The return of the “Tanker War” with messages that affect the nuclear file

Written by – Elijah J. Magnier:

After two years of precarious calm, the “Tanker War” has reappeared in the international arena. Iran faced the US through its European ally acting as a proxy, Greece, which was pushed against Tehran. However, the confrontation this time is different because the Iranian message is not limited to seizing one or two oil tankers but is also a response to the nuclear file, raising the level of tension to a higher level in which matters may escalate more than they appear if the US escalates.

On April 19, Greece seized the Russian oil tanker “Pegas” off the island of Evia to change its name to “Aframax Lana,” coinciding with the Iranian announcement that the ship belongs to the “Islamic Republic of Iran,” despite remaining under the Russian flag. According to what the Greek authorities announced, the tanker, carrying 115,000 tons of Iranian oil, was seized at the US’s request. Its oil contents were transferred to another ship carrying the flag of Liberia to be delivered to the US ports in the act not far short of international piracy. 

Iran considered this act a violation of international law. Indeed, no judicial authority has the right to confiscate a tanker’s oil cargo and give it to another country under any pretext or political pressure, even from a superpower like the US. These acts indicate once more the tendency of powerful nations to no longer respect international laws.

The Iranian response didn’t wait: the Iranian Revolutionary Guards seized two Greek oil tankers, “Delta Poseidon” (with a crew of 25 men) and “Prudent Warrior” (with a crew of 24 Greeks and Filipinos), which were loaded with Iraqi oil from Basra. This raised oil prices to $119, increasing the global economic burden and disturbing the already turbulent markets due to the Western sanctions against Russia and the thirst for gas and oil following the war in Ukraine.

The two Greek oil tankers were approached by Iranian helicopters, boarded by the Iranian Revolutionary Guard Corps (IRGC) forces, and forced to anchor 11 miles off the Iranian coast. The selection of the two oil tankers was far from a coincidence: the oil cargo was due to be delivered to the US. Iran accepted Washington’s challenge and showed no fear of hitting back at both Greece and (mainly) the US. It further indicates that Iran considers European nations as submitted to the US dictate: the real battle is with Washington, not any other European country.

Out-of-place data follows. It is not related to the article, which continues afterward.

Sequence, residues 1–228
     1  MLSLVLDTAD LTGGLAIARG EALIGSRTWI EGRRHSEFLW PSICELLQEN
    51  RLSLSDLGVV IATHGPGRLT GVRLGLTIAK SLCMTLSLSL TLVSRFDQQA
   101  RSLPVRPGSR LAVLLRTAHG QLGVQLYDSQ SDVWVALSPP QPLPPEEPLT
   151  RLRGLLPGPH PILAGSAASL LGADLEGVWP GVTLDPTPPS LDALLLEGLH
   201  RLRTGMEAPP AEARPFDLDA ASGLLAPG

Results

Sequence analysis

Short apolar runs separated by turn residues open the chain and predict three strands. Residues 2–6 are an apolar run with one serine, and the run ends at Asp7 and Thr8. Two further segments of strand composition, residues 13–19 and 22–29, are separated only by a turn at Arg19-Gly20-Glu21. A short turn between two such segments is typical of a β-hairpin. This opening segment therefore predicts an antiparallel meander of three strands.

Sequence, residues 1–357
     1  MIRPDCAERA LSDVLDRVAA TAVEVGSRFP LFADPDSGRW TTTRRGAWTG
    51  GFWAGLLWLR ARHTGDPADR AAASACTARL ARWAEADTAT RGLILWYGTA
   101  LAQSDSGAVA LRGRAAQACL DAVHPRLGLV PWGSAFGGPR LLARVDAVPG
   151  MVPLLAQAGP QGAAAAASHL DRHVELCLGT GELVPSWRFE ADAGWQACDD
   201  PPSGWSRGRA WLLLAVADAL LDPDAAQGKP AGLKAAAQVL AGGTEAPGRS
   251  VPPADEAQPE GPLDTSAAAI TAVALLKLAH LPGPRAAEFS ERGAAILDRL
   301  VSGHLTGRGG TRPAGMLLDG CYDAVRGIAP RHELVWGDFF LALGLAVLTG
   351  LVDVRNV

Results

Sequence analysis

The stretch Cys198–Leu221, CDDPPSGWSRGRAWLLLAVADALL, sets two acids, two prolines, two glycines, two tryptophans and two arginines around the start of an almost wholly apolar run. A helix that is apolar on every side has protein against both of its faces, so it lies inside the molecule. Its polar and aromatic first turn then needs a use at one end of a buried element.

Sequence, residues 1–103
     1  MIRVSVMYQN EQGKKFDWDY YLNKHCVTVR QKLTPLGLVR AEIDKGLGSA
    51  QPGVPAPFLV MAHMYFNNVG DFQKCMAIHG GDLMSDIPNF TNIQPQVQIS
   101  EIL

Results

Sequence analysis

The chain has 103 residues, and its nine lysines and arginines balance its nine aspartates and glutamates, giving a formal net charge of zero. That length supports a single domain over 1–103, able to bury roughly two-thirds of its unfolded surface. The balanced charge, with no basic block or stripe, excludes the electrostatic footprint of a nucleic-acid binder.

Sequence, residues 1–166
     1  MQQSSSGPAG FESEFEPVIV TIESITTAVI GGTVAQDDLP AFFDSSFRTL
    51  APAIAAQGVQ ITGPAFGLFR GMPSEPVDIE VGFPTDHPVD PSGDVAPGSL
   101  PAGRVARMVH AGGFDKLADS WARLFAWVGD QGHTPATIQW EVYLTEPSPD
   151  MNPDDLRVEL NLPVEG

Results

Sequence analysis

That begs questions: The World is familiar with Iran’s powerful method when in July 2019, the British-flagged tanker “Stena Impero” was stopped after Britain intercepted an Iranian tanker off the coast of Gibraltar. Therefore, the question is: what is behind the mutual piracy of oil tankers?

Negotiations related to the nuclear file have ended in Vienna. There are no longer any issues to discuss except the US political decision to remove the IRGC’s name and institutions from terrorism’s list. This is what the US is resisting applying (not quickly), as some of its officials leaked to the media that Iran cannot impose conditions that are not related to the nuclear file. The US considers the IRGC should not be removed from the list of terrorism because of its increasing capabilities and support of Iran’s allies which is incompatible with the US and Israel’s interests. The US is pretending to ignore that the IRGC represents the state and that most of its civilian and military institutions are run by its leadership.

This US leak was followed by a statement by US Secretary of State Anthony Blinken, who 

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Proofread by: Maurice Brasher